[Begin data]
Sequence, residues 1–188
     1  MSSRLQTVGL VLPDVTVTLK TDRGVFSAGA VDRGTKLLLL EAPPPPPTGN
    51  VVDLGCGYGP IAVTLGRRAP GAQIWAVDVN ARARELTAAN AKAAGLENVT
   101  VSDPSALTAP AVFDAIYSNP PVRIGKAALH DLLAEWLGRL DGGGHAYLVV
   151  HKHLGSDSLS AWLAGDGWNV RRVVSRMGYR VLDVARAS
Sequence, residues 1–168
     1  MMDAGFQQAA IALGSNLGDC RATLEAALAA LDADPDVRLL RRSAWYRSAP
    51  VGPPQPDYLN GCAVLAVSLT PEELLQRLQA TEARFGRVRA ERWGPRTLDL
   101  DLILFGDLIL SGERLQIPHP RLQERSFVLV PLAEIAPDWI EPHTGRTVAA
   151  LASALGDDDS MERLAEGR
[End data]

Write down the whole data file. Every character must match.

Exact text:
Sequence, residues 1–188
     1  MSSRLQTVGL VLPDVTVTLK TDRGVFSAGA VDRGTKLLLL EAPPPPPTGN
    51  VVDLGCGYGP IAVTLGRRAP GAQIWAVDVN ARARELTAAN AKAAGLENVT
   101  VSDPSALTAP AVFDAIYSNP PVRIGKAALH DLLAEWLGRL DGGGHAYLVV
   151  HKHLGSDSLS AWLAGDGWNV RRVVSRMGYR VLDVARAS
Sequence, residues 1–168
     1  MMDAGFQQAA IALGSNLGDC RATLEAALAA LDADPDVRLL RRSAWYRSAP
    51  VGPPQPDYLN GCAVLAVSLT PEELLQRLQA TEARFGRVRA ERWGPRTLDL
   101  DLILFGDLIL SGERLQIPHP RLQERSFVLV PLAEIAPDWI EPHTGRTVAA
   151  LASALGDDDS MERLAEGR